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Washington State University Office of Assessment of Teaching and Learning

Engaging Students with Case Studies

The case study method is a pedagogical approach which asks students to investigate real-world problems presented as a descriptive case about which decisions must be made. The case is a narrative, often presented without a conclusion. Case studies are distinctly problem-centered assignments, often completed in a group format – requiring students to work together with others as a team, analyze a problem, synthesize knowledge, and apply their learning to communicate a resolution to the case’s central challenge. All well-designed case studies clearly indicate student learning objectives and include assignments, enabling authentic assessment of student work. Case studies can be used at many levels and in many settings; they are widely used in undergraduate general education classes, as well as in courses for the major.  » More …

March 28 Faculty Panel – Capstone Courses: Developing and Refining the Culminating Experience for Seniors

On March 28, Academic Outreach and Innovation (AOI) and the Office of Assessment of Teaching and Learning (ATL) hosted a faculty development workshop, “Capstone Courses: Developing and Refining the Culminating Experience for Seniors”. A WSU faculty panel of participants in last summer’s Capstone Assignment Design Charrette with Dr. Pat Hutchings shared their experiences developing and refining their capstone course and key assignment, including ways to more deeply engage students and more effectively integrate learning in a culminating experience.  » More …

May 2017 Assignment Design Workshops: Open for Registration

The Office of Assessment of Teaching and Learning (ATL) is pleased to offer two assignment design workshops this May, designed to assist instructors in designing and refining assignments to more effectively foster and assess student learning, while increasing possibilities for student success. Developing powerful, clear assignments is one of the most consequential intellectual tasks that faculty undertake in their work as educators. Assignments impact student learning, yet that work is often private and unavailable for collegial exchange and knowledge building.  » More …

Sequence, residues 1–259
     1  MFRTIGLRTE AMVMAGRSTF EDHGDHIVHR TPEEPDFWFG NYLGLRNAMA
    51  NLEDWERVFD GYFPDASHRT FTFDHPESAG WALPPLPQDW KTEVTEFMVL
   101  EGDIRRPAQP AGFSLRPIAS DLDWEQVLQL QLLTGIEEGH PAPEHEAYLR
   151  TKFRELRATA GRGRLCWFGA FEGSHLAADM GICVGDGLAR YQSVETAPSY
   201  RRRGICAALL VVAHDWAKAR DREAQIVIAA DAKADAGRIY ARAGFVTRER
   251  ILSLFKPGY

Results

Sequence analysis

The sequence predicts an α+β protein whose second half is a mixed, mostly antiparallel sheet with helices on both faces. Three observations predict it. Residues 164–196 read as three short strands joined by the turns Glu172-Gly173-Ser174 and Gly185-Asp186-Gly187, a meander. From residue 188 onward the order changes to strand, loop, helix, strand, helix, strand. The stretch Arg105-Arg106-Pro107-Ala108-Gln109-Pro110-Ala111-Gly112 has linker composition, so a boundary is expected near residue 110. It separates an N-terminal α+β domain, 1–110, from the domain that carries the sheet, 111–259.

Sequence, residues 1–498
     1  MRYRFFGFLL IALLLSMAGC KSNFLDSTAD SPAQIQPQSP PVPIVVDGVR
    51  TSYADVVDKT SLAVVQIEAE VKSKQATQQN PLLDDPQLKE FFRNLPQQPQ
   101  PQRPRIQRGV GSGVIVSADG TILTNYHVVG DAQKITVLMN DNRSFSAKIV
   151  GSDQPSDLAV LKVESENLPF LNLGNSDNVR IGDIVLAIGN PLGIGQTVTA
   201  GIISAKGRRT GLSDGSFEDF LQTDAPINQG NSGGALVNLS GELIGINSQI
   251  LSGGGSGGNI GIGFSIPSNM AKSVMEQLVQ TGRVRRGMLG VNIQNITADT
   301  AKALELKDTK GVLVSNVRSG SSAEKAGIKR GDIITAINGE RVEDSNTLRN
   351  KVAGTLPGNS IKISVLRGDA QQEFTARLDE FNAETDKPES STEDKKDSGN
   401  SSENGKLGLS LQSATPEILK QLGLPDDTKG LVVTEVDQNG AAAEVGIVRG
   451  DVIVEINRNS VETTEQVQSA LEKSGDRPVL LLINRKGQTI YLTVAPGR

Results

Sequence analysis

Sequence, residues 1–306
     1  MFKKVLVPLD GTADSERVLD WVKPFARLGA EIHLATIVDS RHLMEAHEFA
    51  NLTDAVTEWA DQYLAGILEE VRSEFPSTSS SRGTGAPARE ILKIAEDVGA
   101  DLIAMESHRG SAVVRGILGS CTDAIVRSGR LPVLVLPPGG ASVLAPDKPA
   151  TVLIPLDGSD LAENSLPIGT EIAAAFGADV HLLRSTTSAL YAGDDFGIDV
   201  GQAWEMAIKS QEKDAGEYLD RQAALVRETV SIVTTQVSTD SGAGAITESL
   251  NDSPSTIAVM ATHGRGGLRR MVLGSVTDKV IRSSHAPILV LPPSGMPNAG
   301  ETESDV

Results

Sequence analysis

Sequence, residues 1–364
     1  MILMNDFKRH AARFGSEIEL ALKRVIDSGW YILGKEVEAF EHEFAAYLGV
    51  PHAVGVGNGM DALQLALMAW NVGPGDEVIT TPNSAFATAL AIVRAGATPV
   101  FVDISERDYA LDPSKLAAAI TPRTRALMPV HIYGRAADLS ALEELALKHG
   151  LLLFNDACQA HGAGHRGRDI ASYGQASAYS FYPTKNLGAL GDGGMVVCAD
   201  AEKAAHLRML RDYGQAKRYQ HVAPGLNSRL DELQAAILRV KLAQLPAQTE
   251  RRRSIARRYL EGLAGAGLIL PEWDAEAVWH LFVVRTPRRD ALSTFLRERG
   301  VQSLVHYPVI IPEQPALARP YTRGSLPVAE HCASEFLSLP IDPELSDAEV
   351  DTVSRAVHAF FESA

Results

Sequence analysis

Smith Teaching & Learning Grants: Creating New Ways to Educate Students

WSU faculty with instructional responsibilities are welcome to apply for Smith Teaching and Learning Grants to fund innovative ideas that enhance teaching and learning at WSU. This year, the Smith Teaching and Learning Grants are giving priority to projects that seek to improve teaching and learning in ways brought to light by the degree’s assessment, sustainability, or student success in large classes. Proposals are particularly sought for innovations that demonstrably enhance undergraduate student learning. Applications are due March 30, 2017 with up to seven grants awarded for up to $7,000 each.  » More …

Students’ NSSE Responses Make a Difference: Encourage Your Students to Take the NSSE Survey

The National Survey of Student Engagement (NSSE) opens February 7, with email invitations to all WSU seniors and first-year students. Now is the time to encourage student participation and underscore the value of student input to continually improve the student experience at WSU. To support strong response rates – and thus provide more reliable input from students – we ask that faculty utilize the below suggestions for messaging out to students about NSSE (both in and out of the classroom).  » More …

Assignment Design Support for Faculty and Departments